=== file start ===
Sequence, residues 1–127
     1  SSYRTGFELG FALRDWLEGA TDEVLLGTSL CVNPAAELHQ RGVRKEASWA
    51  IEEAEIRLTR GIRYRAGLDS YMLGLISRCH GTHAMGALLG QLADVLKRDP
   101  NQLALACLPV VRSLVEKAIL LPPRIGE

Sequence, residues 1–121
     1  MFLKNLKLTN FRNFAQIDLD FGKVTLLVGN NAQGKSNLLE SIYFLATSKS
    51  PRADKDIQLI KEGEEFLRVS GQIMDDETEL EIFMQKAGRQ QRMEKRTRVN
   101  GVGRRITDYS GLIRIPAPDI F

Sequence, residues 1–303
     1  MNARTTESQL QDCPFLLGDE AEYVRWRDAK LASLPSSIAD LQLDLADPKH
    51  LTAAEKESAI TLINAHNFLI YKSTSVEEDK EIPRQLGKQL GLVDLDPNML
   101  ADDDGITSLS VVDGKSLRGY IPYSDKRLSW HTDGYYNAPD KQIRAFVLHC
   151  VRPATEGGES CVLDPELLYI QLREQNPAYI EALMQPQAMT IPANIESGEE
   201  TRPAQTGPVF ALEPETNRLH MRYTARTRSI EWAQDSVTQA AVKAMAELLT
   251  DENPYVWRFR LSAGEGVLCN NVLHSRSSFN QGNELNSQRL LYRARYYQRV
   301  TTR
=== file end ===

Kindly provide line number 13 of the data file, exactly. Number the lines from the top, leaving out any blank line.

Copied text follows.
   151  VRPATEGGES CVLDPELLYI QLREQNPAYI EALMQPQAMT IPANIESGEE